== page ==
When it comes to France, my joy is sparked not by the grand avenues of Paris, dainty treats from the patisserie, or high fashion shopping, but from the rough and ready parts – bold flavours, cold seaside towns, grimy newsagents, supermarket shelves and farmers markets. My favourite French towns and cities will never make it into Vogue, but they provide the kind of experience I crave – real life, real people, real food. A few years ago, my husband and I visited Marseille, completely unaware of its seedy reputation, and discovered a beautiful, underappreciated gem of a city, complete with a rich tradition of gorgeous Provencial food and culture that I fell in love with. Continue reading
One of the specialties of the south of France is pastis, an aniseed liqueur which is usually diluted in chilled water and consumed as an aperitif. Pastis grew in popularity following the ban of absinthe and anise in 1915 – bartenders would concoct their own blends of a similarly tasting tipple and offer these illegal drinks under the bar to enthusiastic customers.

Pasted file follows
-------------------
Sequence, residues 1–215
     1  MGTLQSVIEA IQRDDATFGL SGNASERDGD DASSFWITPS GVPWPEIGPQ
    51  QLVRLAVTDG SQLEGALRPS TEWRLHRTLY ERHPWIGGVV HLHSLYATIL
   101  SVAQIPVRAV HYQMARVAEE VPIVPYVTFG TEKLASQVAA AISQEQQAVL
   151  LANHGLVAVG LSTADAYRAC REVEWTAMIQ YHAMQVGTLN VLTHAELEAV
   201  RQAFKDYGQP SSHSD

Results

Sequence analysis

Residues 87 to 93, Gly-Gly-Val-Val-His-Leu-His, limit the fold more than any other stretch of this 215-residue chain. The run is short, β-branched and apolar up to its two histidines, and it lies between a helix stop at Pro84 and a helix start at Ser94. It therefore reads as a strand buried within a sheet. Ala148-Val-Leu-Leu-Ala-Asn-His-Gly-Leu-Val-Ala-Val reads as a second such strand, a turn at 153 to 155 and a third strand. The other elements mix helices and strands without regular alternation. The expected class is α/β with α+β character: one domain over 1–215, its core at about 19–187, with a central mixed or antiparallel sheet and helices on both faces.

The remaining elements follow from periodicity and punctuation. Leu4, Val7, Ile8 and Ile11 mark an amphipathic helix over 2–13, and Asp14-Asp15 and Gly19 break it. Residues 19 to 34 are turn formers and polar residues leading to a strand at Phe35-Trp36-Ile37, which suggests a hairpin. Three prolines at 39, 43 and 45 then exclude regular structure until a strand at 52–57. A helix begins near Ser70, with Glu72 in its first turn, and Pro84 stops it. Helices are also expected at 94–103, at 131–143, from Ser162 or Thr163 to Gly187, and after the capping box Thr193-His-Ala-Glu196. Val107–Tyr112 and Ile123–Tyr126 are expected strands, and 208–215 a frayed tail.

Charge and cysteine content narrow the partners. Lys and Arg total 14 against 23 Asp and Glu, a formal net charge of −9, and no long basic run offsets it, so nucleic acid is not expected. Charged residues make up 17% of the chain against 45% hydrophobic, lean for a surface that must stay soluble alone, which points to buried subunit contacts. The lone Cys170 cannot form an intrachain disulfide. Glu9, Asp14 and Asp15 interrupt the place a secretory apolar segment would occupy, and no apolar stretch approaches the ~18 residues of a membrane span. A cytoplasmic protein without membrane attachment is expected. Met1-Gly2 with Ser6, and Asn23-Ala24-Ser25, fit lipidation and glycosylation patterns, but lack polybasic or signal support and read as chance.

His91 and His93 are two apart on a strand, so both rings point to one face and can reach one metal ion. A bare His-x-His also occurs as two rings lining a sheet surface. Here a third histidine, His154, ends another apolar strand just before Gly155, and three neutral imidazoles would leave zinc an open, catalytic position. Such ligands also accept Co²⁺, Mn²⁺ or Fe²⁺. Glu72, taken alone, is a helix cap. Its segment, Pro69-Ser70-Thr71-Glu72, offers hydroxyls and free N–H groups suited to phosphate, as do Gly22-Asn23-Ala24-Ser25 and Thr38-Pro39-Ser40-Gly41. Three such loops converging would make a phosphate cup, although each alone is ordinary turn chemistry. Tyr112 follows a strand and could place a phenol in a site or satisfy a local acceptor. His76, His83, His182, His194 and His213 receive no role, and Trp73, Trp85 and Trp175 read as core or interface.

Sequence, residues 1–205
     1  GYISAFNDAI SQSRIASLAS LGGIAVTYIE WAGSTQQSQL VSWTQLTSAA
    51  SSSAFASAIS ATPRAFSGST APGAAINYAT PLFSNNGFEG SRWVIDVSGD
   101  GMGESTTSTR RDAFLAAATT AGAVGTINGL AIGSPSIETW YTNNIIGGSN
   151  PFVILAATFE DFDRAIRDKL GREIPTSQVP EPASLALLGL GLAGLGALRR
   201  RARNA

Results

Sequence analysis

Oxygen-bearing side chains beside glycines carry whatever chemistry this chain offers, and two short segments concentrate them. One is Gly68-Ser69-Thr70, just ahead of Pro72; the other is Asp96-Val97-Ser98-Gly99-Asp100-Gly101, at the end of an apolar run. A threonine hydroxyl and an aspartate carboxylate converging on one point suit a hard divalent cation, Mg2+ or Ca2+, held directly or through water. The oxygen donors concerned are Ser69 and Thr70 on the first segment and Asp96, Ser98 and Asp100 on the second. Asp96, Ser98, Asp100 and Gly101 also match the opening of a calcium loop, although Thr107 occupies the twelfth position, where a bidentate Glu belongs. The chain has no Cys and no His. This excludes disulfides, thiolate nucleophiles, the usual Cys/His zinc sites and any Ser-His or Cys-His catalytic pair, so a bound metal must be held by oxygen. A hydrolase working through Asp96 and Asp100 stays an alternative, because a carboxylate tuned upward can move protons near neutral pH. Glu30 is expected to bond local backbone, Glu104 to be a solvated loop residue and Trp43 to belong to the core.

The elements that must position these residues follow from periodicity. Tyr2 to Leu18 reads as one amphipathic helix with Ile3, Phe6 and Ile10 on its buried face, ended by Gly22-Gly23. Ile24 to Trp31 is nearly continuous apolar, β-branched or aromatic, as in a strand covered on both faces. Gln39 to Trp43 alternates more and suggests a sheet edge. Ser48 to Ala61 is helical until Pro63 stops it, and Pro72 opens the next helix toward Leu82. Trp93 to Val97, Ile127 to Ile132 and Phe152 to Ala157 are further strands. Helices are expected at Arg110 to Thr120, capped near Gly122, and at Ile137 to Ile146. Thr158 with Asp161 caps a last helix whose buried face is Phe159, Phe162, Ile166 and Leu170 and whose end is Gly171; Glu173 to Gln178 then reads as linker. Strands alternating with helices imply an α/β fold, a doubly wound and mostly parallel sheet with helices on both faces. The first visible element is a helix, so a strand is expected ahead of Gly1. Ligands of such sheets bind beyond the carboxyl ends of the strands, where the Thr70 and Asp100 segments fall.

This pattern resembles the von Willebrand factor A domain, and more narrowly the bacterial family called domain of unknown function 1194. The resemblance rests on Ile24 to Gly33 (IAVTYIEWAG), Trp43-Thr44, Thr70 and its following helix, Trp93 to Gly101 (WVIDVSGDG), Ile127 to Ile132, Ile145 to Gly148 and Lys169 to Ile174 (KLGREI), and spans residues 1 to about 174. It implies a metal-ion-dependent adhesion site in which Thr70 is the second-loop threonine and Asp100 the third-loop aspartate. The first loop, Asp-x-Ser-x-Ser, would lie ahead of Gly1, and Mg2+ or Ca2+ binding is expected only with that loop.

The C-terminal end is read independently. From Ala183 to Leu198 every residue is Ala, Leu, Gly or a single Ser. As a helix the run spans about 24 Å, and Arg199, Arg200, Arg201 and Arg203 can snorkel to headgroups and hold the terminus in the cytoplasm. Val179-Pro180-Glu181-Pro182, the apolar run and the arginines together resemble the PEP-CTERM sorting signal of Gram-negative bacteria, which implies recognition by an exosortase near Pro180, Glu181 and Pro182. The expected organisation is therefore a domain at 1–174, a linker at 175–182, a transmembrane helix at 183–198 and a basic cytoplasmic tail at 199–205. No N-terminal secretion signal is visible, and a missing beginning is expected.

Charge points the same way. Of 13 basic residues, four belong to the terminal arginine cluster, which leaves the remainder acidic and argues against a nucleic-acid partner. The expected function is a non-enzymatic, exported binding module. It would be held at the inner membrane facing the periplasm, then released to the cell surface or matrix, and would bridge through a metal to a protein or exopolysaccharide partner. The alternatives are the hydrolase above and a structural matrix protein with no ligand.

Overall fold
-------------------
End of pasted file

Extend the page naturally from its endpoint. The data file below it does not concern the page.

I had some incredible meals during my week long visit to Marseille, but let me tell you about the best one – Bouillabaisse at Chez FonFon. Continue reading
One of the jewels in Marseille’s crown is the brand new €191m museum, MuCEM, which sits on the seafront of the city, not far from the picturesque Vieux Port, which is the main hub of the old town. This beautiful building houses exhibits depicting the history of the city and the Mediterranean, cultural artifacts and the like, and is well worth a day of exploring. One of the highlights for me, though, was Gérald Passédat’s bistro, La Cuisine du Môle Passédat.
Gérald Passédat is a Michelin starred chef, whose menus are priced appropriately to his level of expertise. His main restaurant, Le Petit Nice, is located up the coast in Marseille and has been awarded three Michelin stars. If you don’t have the cash for €200 menus, though, you can still experience a little bit of his kitchen magic at an affordable price. €21.50, to be exact.
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This is the price for the cold buffet (and dessert!) at La Cuisine du Môle Passédat, which is located on the roof of MuCEM, and right next to La Table du Môle Passédat – another of Passédat’s pricier restaurants. The queues start early for La Cuisine, and once you’re inside it’s easy to see why. The complimentary loaf of bread is just the start of the delicious spread on offer.